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Why hurry for ISL, poser for East Bengal

Only after Bagan joined hands with ATK, the red and gold brigade suddenly woke up to the fact that they also should be playing the No. 1 league: Shyam Thapa
Those were the days... East Bengal fans celebrate

Angshuman Roy   |   Calcutta   |   Published 01.08.20, 12:48 AM

East Bengal should play the Indian Super League (ISL) on their own merit and not by asking anyone and everyone to pitch for them. That’s what former players, who wore the red and gold jersey with great pride, feel.

After it became clear in the last few days that East Bengal, which turns 100 on Saturday, would not be a part of ISL at least in 2020-21, the club appears to have gone into a face-saving mode.

“I think they are rushing into things. In this time of pandemic, it’s not easy to find an investor. There’s no harm if they play next season onwards,” former East Bengal player and coach Subhas Bhowmick told The Telegraph on Friday.

“Where is the need to be so restless to play in ISL? Only after Bagan joined hands with ATK, East Bengal suddenly woke up to the fact that they also should be playing the No. 1 league,” Shyam Thapa, another former player and chairman of All India Football Federation (AIFF)’s technical committee, said.

Dipendu Biswas, who played for East Bengal with distinction, agreed with Bhowmick and Thapa. 

“Given the fan following and their history, East Bengal should be playing on its merit. I do not understand why there is such a fuss about the club missing out on ISL this season. Heavens will not fall, isn’t it?”

East Bengal got back the sporting rights from their erstwhile investors, Quess Corp, on July 17.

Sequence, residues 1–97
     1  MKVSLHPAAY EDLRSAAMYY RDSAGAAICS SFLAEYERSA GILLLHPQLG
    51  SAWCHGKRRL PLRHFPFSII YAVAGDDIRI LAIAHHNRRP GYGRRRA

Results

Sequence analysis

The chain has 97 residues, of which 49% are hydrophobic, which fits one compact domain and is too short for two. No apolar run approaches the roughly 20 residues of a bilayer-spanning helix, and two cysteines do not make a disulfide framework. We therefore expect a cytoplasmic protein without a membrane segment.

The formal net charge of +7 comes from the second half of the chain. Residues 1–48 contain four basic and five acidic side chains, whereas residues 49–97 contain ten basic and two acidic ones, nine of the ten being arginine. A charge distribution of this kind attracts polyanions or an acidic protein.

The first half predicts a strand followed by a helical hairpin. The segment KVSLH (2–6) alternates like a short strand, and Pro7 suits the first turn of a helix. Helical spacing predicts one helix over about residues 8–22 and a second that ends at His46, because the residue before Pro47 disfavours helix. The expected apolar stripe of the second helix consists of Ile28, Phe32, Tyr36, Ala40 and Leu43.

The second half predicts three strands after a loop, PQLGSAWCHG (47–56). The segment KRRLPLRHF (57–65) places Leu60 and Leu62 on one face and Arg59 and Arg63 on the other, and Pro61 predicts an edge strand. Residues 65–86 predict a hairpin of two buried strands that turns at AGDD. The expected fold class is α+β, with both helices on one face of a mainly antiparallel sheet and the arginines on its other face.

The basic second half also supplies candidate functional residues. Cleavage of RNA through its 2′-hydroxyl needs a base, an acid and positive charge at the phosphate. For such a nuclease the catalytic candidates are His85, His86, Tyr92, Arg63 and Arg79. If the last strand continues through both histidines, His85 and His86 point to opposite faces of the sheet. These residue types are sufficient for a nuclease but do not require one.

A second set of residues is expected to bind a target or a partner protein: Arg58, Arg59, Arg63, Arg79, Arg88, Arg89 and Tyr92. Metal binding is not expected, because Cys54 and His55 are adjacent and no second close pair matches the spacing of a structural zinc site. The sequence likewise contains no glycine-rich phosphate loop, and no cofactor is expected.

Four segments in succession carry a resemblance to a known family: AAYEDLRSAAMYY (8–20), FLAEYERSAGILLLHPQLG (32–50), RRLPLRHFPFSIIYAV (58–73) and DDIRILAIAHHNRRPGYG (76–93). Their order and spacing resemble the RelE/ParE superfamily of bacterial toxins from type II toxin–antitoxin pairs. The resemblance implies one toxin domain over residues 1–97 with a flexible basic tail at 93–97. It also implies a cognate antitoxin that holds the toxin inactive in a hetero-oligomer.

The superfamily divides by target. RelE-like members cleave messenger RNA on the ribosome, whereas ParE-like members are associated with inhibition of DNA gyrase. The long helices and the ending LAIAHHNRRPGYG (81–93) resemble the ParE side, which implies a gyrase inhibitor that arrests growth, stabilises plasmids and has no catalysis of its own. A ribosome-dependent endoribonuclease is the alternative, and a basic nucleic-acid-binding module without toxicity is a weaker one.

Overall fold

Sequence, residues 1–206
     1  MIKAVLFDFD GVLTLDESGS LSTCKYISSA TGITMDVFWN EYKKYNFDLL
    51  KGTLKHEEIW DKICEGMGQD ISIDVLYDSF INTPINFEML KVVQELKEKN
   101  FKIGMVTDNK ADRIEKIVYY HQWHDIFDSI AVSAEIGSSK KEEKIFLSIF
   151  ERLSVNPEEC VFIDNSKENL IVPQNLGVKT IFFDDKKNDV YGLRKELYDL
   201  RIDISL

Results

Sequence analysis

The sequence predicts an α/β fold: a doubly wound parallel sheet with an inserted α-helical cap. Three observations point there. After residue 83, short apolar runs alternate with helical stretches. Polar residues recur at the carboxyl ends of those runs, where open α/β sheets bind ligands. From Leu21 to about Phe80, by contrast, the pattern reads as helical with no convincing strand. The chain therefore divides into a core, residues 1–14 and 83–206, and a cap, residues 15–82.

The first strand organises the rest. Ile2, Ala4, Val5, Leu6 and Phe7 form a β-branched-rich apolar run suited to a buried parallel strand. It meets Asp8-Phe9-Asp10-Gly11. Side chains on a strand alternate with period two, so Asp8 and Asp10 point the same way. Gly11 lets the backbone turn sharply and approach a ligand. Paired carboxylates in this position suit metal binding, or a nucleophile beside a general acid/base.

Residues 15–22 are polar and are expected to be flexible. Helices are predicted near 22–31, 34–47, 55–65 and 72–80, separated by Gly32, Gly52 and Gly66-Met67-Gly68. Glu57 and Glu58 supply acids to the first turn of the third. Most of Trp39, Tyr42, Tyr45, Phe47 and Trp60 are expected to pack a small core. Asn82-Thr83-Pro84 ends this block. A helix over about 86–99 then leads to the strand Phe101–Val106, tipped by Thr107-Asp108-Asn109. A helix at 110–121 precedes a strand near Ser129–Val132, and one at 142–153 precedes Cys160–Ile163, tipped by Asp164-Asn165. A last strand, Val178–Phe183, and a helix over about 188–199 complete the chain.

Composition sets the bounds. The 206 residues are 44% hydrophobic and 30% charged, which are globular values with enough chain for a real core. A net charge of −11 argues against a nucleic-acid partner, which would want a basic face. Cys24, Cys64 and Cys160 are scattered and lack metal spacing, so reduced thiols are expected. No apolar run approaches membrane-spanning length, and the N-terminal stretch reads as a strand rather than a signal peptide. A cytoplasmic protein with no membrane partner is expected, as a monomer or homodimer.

A day before that, club officials called on chief minister Mamata Banerjee and had a discussion regarding new investors. 

A few names like Abhishek Bachchan and Singapore-based Universal Success Enterprises Limited owned by Calcutta-born NRI Prasoon Mukherjee did the rounds, but nothing materialised.

On Sunday, the Asean Cup-winning players wrote a letter to the club secretary Kalyan Majumdar saying: “We think playing in ISL is not our primary issue, but our main motto is to stand by the millions of suffering people.” And on Friday, the Football Players Association of India (FPAI), a body which looks after the interests of Indian footballers, got itself embroiled in a controversy after shooting off a letter to the AIFF and Football Sports Development Limited (FSDL) — organisers of the ISL — calling for East Bengal’s inclusion in the top-tier league.

“We, the association, sincerely urge you to include East Bengal in the ISL without any hesitation or delay,” FPAI general manager Cyrus Confectioner said in the letter.

Within hours its president Rennedy Singh sent out a media release saying he had no prior knowledge about the letter.

“I was not taken into consideration, on the sending of such a letter, and it is wrong to come out in support of any one particular club as we are here only to support the players,” the former India captain said in a media release.

When contacted, senior East Bengal official Debabrata Sarkar said club “never asked anyone to send any letter to anyone.”

“FPAI should be asked under whose behest it was sent,” he said. 

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